; This Mumbai home Niyoshi Sanghvi of Akari Studio is elegant

Homes

This 5,000 sq ft Mumbai home by Niyoshi Sanghvi of Akari Studio is a haven of furniture designs made exclusively for the homeowners

APR 15, 2021 | By Kavya Joshi
The cosy living room features a 18ft custom bookcase that holds the homeowner's most treasured possessions; Photographs by Photographix
A 10-seater, black marble dining table with intricate brass inlay is paired with velvet dining chairs; Photographs by Photographix
Binding the living space is a customised rug by Akari Studio in collaboration with The Weaver Collection; Photographs by Photographix
The main bedroom is a textural haven with tonal grey walls, pops of mint green and warm grained wooden flooring; Photographs by Photographix
The guest room emphasises local craftsmanship with a nuanced rustic charm; Photographs by Photographix

This 5,000 sq ft apartment in Mumbai is designed by Niyoshi Sanghvi, founder and creative director of Akari Studio, to seamlessly blend the outdoors and indoors.

A thoughtful, sophisticated, vibrant and meaningful theme is evident in the home. “It was really enjoyable working with the newly married couple, who were clear and definitive about their tastes and likes but happy to explore new ideas and aesthetics,” shares Sanghvi.

Warm colour on the walls and light marble flooring serve as the perfect backdrop for the material palette, which varies from one room to another. The home is layered with mixed metals and uses different types of marble for surfaces, textured wooden flooring and enticing fabrics. 

A unique, bespoke blue puzzle seat by the display unit acts as a reading nook; Photographs by Photographix

Similarly, the colour palette changes from section to section, depending on the function of the room. Rather than bold and monochromatic tints, deep blues and warm tones have been chosen for the living room. The bedrooms are more relaxed with tonal colours and textures.

The 18ft, metal and timber bookcase holds the couple’s memoirs and artefacts; Photographs by Photographix

The foyer captivates with custom-designed artwork that depicts street style on warm walls. The flooring is light marble, which allows the vibrancy of the artwork to be the focal point. 

Custom-designed street style artwork is the focal point in the foyer; Photographs by Photographix

Keeping in mind the homeowner’s social life, the studio has designed a 10-seater, black marble dining table with intricate brass inlay. It is paired with blue velvet chairs, resulting in a dining setting that’s moody, welcoming and, most importantly, comfortable for soirees.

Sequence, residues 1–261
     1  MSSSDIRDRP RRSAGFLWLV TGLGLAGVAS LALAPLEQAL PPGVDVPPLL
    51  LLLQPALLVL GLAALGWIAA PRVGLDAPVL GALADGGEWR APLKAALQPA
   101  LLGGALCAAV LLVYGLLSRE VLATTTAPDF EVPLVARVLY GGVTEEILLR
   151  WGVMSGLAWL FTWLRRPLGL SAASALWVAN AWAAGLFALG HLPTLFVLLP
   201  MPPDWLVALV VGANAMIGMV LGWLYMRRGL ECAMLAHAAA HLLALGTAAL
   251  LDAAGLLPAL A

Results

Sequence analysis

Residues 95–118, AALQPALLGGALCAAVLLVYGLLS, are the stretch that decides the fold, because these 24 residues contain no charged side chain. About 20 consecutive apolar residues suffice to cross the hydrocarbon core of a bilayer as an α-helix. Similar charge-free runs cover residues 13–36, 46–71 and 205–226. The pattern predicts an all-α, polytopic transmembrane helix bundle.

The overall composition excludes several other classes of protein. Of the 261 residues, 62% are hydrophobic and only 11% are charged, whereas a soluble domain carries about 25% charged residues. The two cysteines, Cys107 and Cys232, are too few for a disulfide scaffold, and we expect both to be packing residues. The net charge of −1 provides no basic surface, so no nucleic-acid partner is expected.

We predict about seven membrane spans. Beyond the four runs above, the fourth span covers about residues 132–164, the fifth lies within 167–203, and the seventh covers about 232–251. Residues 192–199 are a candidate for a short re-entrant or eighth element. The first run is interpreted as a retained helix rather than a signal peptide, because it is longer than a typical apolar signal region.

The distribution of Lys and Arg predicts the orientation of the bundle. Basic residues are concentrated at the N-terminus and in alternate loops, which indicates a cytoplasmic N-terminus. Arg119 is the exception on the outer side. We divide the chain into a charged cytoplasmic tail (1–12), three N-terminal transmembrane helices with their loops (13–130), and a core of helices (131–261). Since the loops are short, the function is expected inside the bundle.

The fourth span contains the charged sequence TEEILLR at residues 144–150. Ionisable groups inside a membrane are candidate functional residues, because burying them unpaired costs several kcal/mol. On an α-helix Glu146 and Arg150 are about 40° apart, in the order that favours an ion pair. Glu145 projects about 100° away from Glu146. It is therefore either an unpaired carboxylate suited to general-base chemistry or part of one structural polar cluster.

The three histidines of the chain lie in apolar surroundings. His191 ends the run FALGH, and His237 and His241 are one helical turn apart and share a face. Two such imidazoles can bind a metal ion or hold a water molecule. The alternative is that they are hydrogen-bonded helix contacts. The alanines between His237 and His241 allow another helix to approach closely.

The smoked teak bar table by Akari Studio stands on a laser-cut brass base; Photographs by Photographix

The cosy living room is planned such that it factors in the curvature of the wraparound window bay. Our favourite is the corner with custom-made blue puzzle seats, which are placed near a 18ft metal and wood shelving unit that holds the couple’s treasured possessions. On the other side of the living room is a cosy seating arrangement with a custom rug by Akari Studio in collaboration with The Weaver Collection. 

White stained premium wood is used for the bed and night stand in the guest room; Photographs by Photographix

The primary bedroom is a textural haven against tonal greys, pops of mint green and warm grained, wooden flooring. The furnishings are sourced from IDAM and the Sadyaska store, while the artwork is carefully chosen to pair with the colour palette of this space. 

Furnishings for the main bedroom are sourced from IDAM and the Sadyaska store; Photographs by Photographix

On the other hand, the guest room emphasises local craftsmanship with a nuanced rustic charm. The bed and side tables are made of white stained premium wood, while the soft furnishings feature monochromatic textural elements.

“We’ve moved away from the thought that all locally sourced or indigenous furniture must fit a modern or traditional aesthetic. In this space, I feel we’ve successfully blended Rajasthani furniture into a contemporary design scheme,” concludes Sanghvi.